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Assessing stress in western Hudson Bay polar bears using hair cortisol concentration as a biomarker Open Access


Other title
body condition
Polar Bear
Ursus maritimus
Hudson Bay
Age effect
climate change
sea ice
Type of item
Degree grantor
University of Alberta
Author or creator
Mislan, Patrick
Supervisor and department
St. Louis, Vincent (Biological Sciences)
Derocher, Andrew (Biological Sciences)
Examining committee member and department
Hik, David (Biological Sciences)
Department of Biological Sciences
Date accepted
Graduation date
Master of Science
Degree level
The development of novel biomarkers to help assess whether polar bear (Ursus maritimus) health is impacted by long-term physiological stress associated with climate change represents an emerging area of research. With progressively greater reductions in sea ice cover and a corresponding decrease in food availability, polar bears are likely to experience high levels of stress. While stress is adaptive in the short term, chronic stress can have deleterious effects, which may impair individual and population level health. Cortisol is the principal effector hormone of the stress response and has previously been linked to aspects of polar bear biology (e.g. reproduction, growth) that have been shown to be negatively influenced by environmental change. Understanding stress is important for polar bears at the southern limit of their range, such as those in western Hudson Bay (WH), where changing sea ice phenology threatens population viability. We examined the relationship between the biological and demographic variables of age, reproductive status, and body condition (fatness) and hair cortisol concentration (HCC) in 729 polar bears in WH sampled from 2004 - 2013. Overall, there was a negative relationship between fatness and HCC, suggesting that bears in poorer body condition experienced higher levels of stress. However, when reproductive status was included in our analysis, this relationship only held for male and lone female bears. Females with dependent offspring had consistently low fatness and elevated HCC, likely because of the high cost of maternal care. We also found a positive correlation between HCC and age for bears in: 1) poorer body condition, possibly due to nutritional stress compounding effects of aging; and 2) male bears, potentially due to stress and injury associated with intrasexual mate competition. These findings support the use of HCC as a biomarker for polar bear health. Furthermore, we have established a HCC benchmark against which future effects of continued climate change on polar bear health can be measured.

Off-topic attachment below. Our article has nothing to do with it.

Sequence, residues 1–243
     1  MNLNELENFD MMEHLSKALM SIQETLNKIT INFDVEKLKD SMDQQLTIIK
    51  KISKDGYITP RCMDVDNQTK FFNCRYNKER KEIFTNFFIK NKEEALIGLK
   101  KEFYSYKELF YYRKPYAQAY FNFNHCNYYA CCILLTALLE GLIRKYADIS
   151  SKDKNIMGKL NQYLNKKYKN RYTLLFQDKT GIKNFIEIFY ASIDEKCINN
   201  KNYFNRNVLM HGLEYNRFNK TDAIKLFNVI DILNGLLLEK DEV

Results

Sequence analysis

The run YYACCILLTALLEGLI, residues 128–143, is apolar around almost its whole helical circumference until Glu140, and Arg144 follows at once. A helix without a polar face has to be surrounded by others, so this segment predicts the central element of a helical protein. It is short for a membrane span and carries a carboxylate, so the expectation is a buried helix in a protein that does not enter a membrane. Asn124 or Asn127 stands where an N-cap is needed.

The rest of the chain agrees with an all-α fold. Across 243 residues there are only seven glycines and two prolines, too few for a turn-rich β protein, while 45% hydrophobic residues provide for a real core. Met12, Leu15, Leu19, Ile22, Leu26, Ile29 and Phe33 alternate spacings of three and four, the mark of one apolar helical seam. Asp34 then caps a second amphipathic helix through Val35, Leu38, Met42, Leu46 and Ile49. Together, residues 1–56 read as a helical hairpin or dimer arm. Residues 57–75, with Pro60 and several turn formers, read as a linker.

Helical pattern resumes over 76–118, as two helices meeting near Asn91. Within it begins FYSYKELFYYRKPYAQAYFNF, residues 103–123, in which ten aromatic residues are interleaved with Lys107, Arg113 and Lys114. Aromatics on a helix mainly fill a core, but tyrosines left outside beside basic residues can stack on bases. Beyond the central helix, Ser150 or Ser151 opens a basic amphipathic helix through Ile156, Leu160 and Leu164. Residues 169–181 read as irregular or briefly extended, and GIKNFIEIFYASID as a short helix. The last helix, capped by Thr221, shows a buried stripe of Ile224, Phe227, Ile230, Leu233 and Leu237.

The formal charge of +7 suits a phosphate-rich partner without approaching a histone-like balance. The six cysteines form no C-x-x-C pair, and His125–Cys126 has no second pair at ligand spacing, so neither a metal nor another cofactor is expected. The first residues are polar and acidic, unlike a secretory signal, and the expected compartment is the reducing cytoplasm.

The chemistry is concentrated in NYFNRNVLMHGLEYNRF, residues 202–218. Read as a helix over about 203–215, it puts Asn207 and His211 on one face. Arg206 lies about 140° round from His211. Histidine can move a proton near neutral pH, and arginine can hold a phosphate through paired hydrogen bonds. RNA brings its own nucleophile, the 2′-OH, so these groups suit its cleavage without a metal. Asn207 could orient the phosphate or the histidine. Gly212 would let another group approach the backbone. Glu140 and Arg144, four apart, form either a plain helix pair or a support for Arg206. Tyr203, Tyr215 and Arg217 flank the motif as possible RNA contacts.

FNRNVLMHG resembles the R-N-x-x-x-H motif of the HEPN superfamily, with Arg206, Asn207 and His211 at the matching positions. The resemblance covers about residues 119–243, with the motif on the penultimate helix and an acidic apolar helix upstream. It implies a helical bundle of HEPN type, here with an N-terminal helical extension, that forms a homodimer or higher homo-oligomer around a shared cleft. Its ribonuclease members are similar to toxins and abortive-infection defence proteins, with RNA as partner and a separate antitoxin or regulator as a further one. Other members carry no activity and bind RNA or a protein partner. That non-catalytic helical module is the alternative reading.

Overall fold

Permission is hereby granted to the University of Alberta Libraries to reproduce single copies of this thesis and to lend or sell such copies for private, scholarly or scientific research purposes only. The author reserves all other publication and other rights in association with the copyright in the thesis and, except as herein before provided, neither the thesis nor any substantial portion thereof may be printed or otherwise reproduced in any material form whatsoever without the author's prior written permission.
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